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An Observational Study of Service Dogs for Veterans With Posttraumatic Stress Disorder

By B. J. H. Yarborough, A. A. Owen-Smith, S. P. Stumbo, Micah T. Yarborough, Nancy A. Perrin, Carla A. Green

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Objectives: This study examined needs related to posttraumatic stress disorder (PTSD), assistance by service dogs, and feasibility of data collection among veterans receiving service dogs. Methods: Questionnaires assessed PTSD-related needs and services performed or expected to be performed by service dogs among 78 veterans who had or were on a wait list for a service dog (average age, 42; women, 31%). Analyses compared pre-post characteristics among 22 veterans who received a service dog as part of the study (91% follow-up; average follow-up53.3762.57 months). Results: Veterans reported that the most important services performed were licking or nudging veterans to help them “stay present,” preventing panic, and putting space between veterans and strangers. High follow-up rates and improvements in outcomes with moderate to large effect sizes among recipients of study-provided dogs suggest further study is warranted. Conclusions: Service dogs may be feasible supports for veterans with PTSD; randomized clinical trials are needed to assess effectiveness.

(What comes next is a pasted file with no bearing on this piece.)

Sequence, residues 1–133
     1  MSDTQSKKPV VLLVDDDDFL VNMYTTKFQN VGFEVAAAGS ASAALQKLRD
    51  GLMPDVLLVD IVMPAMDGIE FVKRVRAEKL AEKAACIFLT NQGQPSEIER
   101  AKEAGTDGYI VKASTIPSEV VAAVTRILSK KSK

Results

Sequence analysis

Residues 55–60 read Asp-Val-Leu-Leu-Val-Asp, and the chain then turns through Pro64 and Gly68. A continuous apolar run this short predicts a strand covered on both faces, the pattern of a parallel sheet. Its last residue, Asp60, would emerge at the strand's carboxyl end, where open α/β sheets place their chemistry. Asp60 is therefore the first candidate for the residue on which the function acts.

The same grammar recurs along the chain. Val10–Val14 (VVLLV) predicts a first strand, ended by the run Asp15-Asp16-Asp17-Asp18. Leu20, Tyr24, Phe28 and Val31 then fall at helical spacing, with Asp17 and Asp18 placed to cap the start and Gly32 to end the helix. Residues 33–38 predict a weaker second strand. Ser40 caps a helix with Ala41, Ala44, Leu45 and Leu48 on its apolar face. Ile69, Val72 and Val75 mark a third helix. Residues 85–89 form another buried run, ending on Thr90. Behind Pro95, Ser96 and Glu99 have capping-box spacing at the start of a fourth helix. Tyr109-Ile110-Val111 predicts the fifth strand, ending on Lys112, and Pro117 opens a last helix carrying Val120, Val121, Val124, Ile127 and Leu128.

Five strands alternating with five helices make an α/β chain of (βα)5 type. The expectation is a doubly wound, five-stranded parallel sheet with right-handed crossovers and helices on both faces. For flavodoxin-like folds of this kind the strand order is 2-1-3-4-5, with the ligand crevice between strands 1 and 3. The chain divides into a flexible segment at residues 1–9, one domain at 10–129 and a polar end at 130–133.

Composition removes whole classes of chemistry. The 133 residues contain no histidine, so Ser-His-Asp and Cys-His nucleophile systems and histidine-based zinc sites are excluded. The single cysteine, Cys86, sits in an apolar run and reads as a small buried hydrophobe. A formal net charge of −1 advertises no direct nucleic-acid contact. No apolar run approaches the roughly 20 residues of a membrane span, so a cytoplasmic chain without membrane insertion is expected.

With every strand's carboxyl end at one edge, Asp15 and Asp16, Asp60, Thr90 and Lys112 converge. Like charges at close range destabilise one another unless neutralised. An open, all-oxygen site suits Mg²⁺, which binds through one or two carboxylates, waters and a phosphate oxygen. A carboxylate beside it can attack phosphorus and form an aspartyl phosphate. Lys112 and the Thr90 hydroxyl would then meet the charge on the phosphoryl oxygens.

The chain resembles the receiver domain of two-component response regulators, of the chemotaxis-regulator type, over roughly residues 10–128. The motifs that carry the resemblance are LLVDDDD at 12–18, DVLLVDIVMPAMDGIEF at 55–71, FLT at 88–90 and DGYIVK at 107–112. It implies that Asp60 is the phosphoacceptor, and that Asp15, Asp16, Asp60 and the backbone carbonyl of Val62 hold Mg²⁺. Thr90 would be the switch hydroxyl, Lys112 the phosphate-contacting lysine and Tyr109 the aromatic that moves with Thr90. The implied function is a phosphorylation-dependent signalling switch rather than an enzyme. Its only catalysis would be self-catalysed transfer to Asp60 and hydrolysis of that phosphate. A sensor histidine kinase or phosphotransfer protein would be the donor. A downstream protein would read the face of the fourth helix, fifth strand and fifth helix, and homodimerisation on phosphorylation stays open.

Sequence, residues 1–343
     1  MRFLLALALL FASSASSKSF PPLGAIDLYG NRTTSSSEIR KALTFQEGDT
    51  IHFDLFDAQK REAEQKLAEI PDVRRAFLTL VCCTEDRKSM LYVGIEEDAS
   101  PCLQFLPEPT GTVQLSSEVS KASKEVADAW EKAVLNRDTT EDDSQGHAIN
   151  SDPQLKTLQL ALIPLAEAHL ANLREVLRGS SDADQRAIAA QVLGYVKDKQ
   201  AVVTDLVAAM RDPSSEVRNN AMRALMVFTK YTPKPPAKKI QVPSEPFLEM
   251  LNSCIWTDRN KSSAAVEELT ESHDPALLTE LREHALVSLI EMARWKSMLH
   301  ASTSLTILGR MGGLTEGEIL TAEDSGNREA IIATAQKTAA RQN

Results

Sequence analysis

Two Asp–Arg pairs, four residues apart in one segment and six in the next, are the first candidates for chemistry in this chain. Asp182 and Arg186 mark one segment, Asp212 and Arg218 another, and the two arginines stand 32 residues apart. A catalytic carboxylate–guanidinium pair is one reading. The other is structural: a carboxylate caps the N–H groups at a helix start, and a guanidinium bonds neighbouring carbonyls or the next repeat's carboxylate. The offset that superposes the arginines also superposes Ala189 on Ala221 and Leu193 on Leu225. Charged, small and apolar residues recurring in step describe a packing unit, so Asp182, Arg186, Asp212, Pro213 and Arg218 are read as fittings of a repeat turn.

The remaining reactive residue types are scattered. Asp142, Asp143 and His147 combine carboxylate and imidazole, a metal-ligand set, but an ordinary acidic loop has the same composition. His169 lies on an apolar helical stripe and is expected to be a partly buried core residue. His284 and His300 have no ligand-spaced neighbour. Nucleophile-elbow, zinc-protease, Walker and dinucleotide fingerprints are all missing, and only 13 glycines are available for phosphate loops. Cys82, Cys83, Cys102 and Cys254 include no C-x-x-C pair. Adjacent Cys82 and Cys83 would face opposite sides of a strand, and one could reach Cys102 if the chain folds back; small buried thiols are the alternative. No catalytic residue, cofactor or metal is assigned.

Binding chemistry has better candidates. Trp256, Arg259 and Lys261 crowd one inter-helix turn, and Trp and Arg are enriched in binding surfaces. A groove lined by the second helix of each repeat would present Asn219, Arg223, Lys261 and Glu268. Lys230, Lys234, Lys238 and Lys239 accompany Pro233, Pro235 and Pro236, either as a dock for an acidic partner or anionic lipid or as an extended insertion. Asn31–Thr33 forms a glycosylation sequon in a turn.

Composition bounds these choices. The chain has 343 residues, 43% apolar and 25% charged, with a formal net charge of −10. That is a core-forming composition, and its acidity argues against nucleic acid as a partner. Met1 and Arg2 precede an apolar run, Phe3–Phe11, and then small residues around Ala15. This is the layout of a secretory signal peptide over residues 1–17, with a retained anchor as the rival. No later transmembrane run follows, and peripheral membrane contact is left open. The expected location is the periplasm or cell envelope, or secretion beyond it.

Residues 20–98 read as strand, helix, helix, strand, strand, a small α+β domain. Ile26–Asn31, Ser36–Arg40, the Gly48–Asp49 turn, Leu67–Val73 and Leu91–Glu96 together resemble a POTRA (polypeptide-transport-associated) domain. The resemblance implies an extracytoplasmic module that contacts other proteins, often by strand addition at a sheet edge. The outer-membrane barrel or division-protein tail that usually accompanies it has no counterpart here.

Date 2017
Publication Title Psychiatric Services
Volume 68
Issue 7
Pages 730-734
Language English
Additional Language English
Cite this work

Researchers should cite this work as follows:

  1. Animal roles
  2. Dogs
  3. Mammals
  4. open access
  5. Post-traumatic Stress Disorder
  6. Service animals
  7. veterans
  1. open access